There’s no ‘one size fits all’ for diversity
- Diversity can mean different things to different organisations; Kate O’Neill suggested that ensuring everyone has the opportunity to fulfil their potential could be a unifying principle.
- Alison Atkinson spoke about the importance of not isolating male colleagues from the diversity & inclusion agenda through careful communication, while Alison Stevenson talked about ensuring the agenda fits everyone’s needs, rather than a particular group.
Diversity of talent enables a diversity of thinking and innovation
- Melanie Richards spoke of how ‘we are only as good as the people we have in our organisation,’ and how she personally tailors meetings to get the best out of different people.
- Inclusivity can encourage challenge and new thinking. Hugh Durrant-White spoke of how diverse thinking is central to encouraging innovative environments and the importance of encouraging a ‘mentality of experimentation.’
- Diversity of thinking was seen as key to minimising the risk of group think, helping to ensure organisations can innovate.
- Edwina Dunn shared her experience of building a company that was 50% female during its growth phase, employing highly skilled individuals in a competitive, challenging international market. Dunnhumby’s focus on the use of data mining and analysis to improve customer retail experience most famously led to the introduction of Tesco Clubcard.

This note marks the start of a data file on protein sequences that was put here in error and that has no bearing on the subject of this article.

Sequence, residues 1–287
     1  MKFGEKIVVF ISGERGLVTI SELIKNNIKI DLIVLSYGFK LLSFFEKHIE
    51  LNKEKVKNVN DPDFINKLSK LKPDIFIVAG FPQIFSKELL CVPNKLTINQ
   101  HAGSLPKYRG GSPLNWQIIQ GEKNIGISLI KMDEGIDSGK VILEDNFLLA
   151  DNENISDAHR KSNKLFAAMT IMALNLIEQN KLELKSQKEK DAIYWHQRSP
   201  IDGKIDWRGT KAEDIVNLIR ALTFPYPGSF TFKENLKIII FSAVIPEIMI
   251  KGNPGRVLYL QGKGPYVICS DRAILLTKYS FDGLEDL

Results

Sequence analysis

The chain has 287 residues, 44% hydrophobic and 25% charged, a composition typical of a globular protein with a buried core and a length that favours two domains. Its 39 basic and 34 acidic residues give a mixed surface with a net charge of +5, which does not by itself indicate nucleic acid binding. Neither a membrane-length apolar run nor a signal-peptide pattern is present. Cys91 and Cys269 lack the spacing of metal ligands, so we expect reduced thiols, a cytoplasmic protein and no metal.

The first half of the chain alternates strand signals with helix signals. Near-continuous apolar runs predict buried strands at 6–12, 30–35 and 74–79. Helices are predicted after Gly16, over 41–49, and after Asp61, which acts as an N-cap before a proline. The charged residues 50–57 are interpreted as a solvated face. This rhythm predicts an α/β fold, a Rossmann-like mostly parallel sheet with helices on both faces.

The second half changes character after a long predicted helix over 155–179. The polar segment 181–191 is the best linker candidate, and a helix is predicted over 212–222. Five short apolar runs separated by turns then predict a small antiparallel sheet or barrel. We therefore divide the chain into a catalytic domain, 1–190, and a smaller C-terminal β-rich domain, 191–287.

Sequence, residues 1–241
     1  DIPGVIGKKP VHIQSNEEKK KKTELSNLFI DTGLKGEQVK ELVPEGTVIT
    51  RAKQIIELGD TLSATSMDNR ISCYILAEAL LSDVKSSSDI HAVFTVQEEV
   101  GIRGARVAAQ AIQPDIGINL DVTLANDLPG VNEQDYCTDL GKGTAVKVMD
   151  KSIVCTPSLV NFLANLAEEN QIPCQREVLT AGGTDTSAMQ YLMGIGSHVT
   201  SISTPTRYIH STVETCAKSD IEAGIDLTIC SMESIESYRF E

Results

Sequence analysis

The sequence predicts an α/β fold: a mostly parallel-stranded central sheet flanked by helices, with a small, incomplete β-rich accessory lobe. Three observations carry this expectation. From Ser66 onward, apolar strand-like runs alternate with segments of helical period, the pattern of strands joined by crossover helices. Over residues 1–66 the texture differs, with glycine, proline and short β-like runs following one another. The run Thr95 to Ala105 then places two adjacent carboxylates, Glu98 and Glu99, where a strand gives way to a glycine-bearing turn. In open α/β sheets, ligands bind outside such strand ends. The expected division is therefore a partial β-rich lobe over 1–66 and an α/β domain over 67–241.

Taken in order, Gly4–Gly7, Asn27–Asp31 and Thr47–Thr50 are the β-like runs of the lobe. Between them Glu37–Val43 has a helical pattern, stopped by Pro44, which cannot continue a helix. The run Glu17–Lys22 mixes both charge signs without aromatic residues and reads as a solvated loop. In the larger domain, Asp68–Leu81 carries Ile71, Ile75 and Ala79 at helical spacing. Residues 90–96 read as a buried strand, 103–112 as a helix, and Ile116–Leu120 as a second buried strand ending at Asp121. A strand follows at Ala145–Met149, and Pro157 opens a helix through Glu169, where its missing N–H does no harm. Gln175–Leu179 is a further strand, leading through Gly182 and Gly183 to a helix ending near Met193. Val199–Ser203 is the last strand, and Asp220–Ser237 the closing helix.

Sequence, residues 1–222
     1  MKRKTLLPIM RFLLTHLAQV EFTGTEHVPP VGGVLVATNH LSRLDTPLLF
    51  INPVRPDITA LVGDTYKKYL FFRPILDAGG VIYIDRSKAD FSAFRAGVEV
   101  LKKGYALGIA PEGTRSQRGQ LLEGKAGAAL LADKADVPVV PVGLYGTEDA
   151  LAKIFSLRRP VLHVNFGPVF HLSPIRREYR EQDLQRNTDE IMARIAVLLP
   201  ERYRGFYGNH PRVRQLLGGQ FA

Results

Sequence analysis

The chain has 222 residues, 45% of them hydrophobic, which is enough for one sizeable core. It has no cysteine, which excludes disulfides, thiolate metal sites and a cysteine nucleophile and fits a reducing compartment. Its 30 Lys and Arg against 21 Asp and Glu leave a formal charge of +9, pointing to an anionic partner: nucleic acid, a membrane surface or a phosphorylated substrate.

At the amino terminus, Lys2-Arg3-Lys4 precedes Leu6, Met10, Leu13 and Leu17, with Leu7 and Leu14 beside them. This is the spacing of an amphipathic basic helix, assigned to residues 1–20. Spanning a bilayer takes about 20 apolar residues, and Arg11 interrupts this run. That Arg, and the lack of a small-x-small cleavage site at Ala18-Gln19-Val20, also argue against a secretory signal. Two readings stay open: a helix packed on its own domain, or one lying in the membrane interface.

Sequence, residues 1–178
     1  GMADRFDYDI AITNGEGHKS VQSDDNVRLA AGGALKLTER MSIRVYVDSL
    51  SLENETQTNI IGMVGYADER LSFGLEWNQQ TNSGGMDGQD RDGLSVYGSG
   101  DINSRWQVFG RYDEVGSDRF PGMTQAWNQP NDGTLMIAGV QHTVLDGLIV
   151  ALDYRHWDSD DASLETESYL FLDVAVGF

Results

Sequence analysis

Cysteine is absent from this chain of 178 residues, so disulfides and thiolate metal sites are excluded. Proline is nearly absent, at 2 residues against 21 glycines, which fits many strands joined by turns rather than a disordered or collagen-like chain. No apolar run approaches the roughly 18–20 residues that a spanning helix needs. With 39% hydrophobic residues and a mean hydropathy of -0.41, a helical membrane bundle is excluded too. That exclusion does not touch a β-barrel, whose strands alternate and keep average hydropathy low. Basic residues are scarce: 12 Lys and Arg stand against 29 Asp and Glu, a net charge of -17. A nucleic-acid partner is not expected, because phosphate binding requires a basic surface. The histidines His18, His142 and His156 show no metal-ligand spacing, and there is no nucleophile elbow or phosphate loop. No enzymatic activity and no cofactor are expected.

Improving access for women at every level
- Encouraging girls to aspire towards STEM careers from an early age was seen as key for tackling gender diversity in STEM industries. Panellists shared personal experiences of how those closet to them had provided the early encouragement they needed.
- Edwina Dunn spoke about her project ‘The Female Lead’ which has been set up to showcase inspiring female role models to encourage women and girls to think differently about their potential.
- ‘Golden escalators’ were seen as a challenge in industry, where certain jobs that enable leap frogging to the top might be more accessible to some individuals than others.
- Smaller business can have greater freedom than large corporations to try new approaches to gender diversity. But there were practical changes everyone can make: Kate O’Neill described how name-blinding recruitment exercises in the civil service have been effective at tackling unconscious bias during the hiring process.
A ‘Street Fair’ then took clients on a career journey – from making investments in early careers through to Women in Engineering Communities and STEM, via mentoring and career transitions.
Click here to find out more about our Street Fair exhibitors and the programmes that are making a difference to working lives in Aerospace & Defence.
Rachel Hugo, Sponsoring Partner for KPMG’s Women in Aerospace, Defence & Security network said:
“Diversity and Inclusion is a critical agenda in Aerospace, Defence and Security and related sectors such as Technology, both in the private and public sphere. An inclusive and diverse workforce, free to focus on new thinking, is becoming increasingly seen as a key way of ensuring that organisations remain as innovative as possible and are able to transform. The fact that KPMG are facilitating this important discussion in this sector is something the firm can be proud of”.